Philip lived an eventful life. He was patron to around 800 organisations focusing on industry, sport, education, and the environment. He was Chancellor of four universities: Cambridge, Edinburgh, Salford, and Wales. He was also Life Governor of King’s College London, and Patron of London Guildhall University.

He was the World Wildlife Fund UK’s (WWF) first President, then International President from 1981-1996. From 1959-1965, he was president of the British Academy of Film and Television Arts (BAFTA), and president of the Zoological Society of London for two decades. In 1965, he chaired a scheme for awarding industrial innovations which became known as the Queen’s Award for Enterprise. In 1970 he helped found The Maritime Trust to replicate the work of the National Trust in restoring, preserving, and displaying British historical ships. Though he left the navy, his love for it never did.

During his years of service, the Prince moved from the sea to skies instead – accumulating over 5,000 hours of flight by his 70th birthday. In 44 years of piloting, he flew 59 different aircraft. He had plenty of other hobbies too: playing polo until 1971, championing equestrian carriage driving, yachting, cricket, and landscape oil painting. He was also the first royal to fly a helicopter out of Buckingham Palace’s garden. 

He collected royal and political cartoons, helped design the Royal Yacht Britannia, and re-designed Balmoral’s gardens. He seemed to never tire, completing over 22,219 solo engagements and 5,439 speeches from 1952 up until his retirement, aged 96.

Philip was a joker; one needs only see the outpouring of anecdotes after his death to see the man beneath royalty. On a 1969 Canada tour where he forgot the name of the building which he was opening, Philip ended up joking “I declare this thing open, whatever it is.” 

Even in death, he kept the humour, with various tabloid outlets saying the Land Rover hearse for his funeral arose from an inside joke with Elizabeth of just “stick me in the back of a Land Rover and drive me to Windsor.” He even instructed a photographer to be inside the pillar outside St George’s Chapel at Windsor Castle to capture the perfect coffin photograph.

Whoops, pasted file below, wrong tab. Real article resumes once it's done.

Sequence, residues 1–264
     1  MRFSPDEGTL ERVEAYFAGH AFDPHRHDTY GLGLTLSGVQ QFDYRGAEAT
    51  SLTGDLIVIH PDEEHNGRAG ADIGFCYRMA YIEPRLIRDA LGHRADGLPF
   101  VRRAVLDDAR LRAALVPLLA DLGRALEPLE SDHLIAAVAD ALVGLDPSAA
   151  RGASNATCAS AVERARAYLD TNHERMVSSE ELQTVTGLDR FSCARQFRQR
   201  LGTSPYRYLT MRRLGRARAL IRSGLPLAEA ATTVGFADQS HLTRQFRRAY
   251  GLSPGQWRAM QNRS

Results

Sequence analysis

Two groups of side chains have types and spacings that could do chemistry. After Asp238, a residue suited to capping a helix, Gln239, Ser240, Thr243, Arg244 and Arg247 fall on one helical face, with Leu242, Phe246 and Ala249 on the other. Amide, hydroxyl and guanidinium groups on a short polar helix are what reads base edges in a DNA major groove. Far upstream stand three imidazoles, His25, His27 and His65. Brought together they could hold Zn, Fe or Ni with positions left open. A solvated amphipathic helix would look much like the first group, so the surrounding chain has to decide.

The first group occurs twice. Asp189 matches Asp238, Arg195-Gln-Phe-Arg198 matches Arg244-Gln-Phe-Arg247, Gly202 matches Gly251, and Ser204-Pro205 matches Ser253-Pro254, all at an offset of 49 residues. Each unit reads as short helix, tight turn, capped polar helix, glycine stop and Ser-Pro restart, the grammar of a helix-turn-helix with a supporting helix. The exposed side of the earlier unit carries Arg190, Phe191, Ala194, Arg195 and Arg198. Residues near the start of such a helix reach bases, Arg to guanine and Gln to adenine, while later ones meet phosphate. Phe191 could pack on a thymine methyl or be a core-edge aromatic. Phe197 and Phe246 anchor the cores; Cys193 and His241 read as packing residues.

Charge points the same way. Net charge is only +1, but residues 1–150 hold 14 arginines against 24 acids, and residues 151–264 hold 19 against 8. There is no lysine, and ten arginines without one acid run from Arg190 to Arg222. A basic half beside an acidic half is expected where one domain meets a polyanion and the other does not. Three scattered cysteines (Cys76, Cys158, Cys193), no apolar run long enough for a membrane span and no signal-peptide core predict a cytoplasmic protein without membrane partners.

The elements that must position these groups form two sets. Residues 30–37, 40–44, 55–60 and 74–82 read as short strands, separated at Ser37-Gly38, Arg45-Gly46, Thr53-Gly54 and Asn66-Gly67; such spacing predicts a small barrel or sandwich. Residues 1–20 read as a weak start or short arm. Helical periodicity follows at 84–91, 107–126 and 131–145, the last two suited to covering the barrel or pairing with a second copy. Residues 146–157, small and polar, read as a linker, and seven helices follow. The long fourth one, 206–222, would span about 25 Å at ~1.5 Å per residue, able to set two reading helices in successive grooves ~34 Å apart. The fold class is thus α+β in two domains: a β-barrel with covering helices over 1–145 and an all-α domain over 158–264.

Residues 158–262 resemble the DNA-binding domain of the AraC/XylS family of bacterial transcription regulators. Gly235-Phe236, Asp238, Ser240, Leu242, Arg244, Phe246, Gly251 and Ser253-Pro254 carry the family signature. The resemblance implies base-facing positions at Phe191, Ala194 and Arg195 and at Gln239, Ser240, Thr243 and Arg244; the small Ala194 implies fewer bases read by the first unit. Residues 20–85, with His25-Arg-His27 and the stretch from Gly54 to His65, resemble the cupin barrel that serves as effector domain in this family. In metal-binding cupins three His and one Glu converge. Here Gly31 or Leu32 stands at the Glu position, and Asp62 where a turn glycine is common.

His humour was often construed as old man gaffes, but it was more that he would crack politically incorrect jokes with anyone about anything. He got in trouble many times with the press with his comments. He coined his own term for it at the General Dental Council in 1960, saying “Dontopedalogy is the science of opening your mouth and putting your foot in it, a science which I have practised for a good many years.”

By 2011 [the DofE award] had reached 6 million participants, and now expands across 144 countries

The notorious ‘Duke of Edinburgh’s Award’ was conceived with the persuasion of Kurt Hahn. The activities were modelled after Hahn’s solutions to his ‘Six Declines of Modern Youth’, the decline of: fitness, initiative and enterprise, memory and imagination, skill and care, self-discipline, and compassion. His solutions were fitness training, expeditions, projects, and rescue service. 

John Hunt, who lead the first successful ascent of Mount Everest in 1953, was the first to run the award. It would slowly expand from the original 7,000 boys to include girls in 1958, with the two programmes then aligning closer from 1965. By 2011 it had reached 6 million participants, and now expands across 144 countries. The DofE Award is his greatest and longest-lasting achievement.

Prince Phillip can be deemed a titan of royal life, dying of old age at 99. He even became a god-like being to two villages on the Vanuatan island of Tanna. From being revered as a god and a flying addict to his countless engagements, not even a 1,000-page biography would be enough to cover all his life. Philip’s century now ends as the last man of his era. As Martin Jones, who worked on restoring a plane the Prince flew in 1959, said: “I’ve always revered Prince Philip because he was always there… He was a sort of figurehead that you could rely on in so many ways.”